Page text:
Text and photos by Melissa J. McGlynn, Truman Admissions Specialist
The 2015-16 campaign season, the election and then the Presidential Inauguration stirred up some pretty intense feelings of anger, frustration, fear, sadness and insecurity in just about everyone around me. As a woman, I felt voiceless. As a human being engulfed in diversity, I felt my heart ache for those being persecuted, mocked, unheard, disrespected and disregarded. The things he has said, rewarded with the power he now assumes, validate the hate, oppression, assault and wrongdoings I am fully aware exist in this world that he has perpetuated.
No one group of people has been left out of the hate speech, racism, misogyny and fear he is inciting in those around me, but as a woman, having been silenced before, I knew that the feelings were too strong to sit idly by while the oppressive language and actions were being expelled into the world by such a detestable person.
Attending the Women’s March on Washington the day after the President’s inauguration was my first step towards managing the rise of emotions caused by the aftermath of the election. The march will truly be a memory to last a lifetime. Being in that moment, surrounded by hundreds of thousands of other women and men, was wildly empowering, but becoming aware of the fact that the entire world marched with us, on every continent, was something completely different and indescribable. Women’s rights are most definitely human rights, and that should never be forgotten.
I, and so many others, know that this was only the beginning and there is so much work ahead of us towards some (hopefully) big changes here in the United States and in our day-to-day lives. The rally and march itself were powerful and inspiring. The support and negative comments I received going to and coming back from the march were motivating. Traveling with and being surrounded by strangers who have been feeling the same ways I have been were healing. The speakers at the rally and the conversations about why people marched, where they were coming from and what’s next on mission, were invigorating.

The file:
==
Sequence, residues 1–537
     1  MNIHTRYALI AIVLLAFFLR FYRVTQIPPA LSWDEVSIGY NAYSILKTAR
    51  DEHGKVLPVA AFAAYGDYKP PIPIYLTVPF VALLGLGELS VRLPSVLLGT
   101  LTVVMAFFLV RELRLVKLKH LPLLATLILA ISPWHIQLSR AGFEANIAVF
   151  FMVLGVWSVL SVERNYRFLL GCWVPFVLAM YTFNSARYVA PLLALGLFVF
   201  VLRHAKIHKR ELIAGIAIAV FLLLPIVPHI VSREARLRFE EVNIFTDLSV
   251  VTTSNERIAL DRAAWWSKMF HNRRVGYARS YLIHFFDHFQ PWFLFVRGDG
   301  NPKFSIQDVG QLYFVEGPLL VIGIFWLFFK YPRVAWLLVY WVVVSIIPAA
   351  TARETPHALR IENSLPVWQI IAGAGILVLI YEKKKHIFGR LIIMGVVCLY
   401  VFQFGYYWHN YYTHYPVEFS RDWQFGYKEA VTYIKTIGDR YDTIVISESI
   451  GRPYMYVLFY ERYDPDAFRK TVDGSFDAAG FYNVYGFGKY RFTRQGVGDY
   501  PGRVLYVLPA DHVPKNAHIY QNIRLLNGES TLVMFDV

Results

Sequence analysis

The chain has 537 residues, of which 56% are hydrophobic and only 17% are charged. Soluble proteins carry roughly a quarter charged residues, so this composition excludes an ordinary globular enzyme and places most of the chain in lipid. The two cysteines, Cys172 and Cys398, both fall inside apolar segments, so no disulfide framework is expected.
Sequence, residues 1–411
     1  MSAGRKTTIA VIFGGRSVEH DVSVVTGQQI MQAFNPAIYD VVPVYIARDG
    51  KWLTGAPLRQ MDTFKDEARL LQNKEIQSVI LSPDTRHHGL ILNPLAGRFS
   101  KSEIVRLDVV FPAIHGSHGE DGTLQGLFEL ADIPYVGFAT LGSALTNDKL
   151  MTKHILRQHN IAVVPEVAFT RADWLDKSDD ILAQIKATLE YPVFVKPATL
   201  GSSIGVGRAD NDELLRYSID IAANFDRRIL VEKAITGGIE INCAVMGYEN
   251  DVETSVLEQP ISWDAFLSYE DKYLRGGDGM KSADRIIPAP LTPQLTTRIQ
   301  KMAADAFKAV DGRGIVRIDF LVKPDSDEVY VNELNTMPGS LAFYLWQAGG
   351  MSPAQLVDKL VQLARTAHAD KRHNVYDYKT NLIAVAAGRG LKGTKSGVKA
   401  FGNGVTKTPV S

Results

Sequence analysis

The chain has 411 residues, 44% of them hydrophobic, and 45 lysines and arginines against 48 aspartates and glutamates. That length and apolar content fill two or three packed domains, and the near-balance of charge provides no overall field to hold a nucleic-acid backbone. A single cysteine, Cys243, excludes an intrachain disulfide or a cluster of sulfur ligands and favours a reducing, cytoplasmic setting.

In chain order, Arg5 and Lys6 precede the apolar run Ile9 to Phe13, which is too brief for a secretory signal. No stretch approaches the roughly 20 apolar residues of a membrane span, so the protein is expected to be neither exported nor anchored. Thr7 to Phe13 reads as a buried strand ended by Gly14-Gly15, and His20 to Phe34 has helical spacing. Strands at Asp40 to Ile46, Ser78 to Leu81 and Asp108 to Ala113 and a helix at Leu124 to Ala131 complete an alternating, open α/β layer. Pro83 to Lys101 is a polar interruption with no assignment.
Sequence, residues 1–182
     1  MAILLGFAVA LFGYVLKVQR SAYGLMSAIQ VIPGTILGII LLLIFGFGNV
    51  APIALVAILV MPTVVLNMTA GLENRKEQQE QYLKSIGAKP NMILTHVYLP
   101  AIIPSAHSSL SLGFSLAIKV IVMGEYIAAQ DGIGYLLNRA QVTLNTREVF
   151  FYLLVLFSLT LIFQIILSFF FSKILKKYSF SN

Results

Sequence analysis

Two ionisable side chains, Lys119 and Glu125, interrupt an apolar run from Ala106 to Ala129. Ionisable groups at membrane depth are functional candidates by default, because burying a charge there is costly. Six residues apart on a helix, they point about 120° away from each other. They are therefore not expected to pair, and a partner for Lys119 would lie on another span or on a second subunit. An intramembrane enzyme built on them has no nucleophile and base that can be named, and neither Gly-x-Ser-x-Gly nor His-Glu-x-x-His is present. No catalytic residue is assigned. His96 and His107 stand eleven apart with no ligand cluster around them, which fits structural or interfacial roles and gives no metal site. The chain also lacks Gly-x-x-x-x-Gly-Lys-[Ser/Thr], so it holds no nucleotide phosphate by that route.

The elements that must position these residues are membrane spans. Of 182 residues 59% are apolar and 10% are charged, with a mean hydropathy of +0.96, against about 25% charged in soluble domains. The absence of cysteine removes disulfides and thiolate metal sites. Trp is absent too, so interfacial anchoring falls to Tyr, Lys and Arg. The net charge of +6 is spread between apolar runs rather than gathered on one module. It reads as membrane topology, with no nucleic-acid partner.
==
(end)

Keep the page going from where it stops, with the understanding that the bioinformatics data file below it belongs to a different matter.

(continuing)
If you are still wondering what you can do, my first recommendation towards coping or managing what is going on around us is to open up to those you trust. If you’re scared, sad, angry, disappointed, you are not alone. My second recommendation is to act – call your state and local representatives, use your voices of discontent in protests, find an organization that is fighting for justice to donate to with your time and/or money. Encourage others to do the same.
As women – as humans, we are judged, ranked, criticized, stereotyped and labeled every day and by everyone. During feminist activist Gloria Steinem’s message to the marchers in D.C. and around the world, she said, “We are linked, we are not ranked, and this is a day that will change us forever because we are together; each of us individually and collectively will never be the same again.” If we can ever see a silver lining in the past month of our lives, this is it.
We are stronger together, we are louder and more powerful when we unite our voices. We have to remember this – we are no better, no worse than our brothers and sisters, no more or less worthy of life, liberty and the pursuit of happiness. Let “voiceless,” “confused,” “oppressed” and “ignored” transform into CHANGE.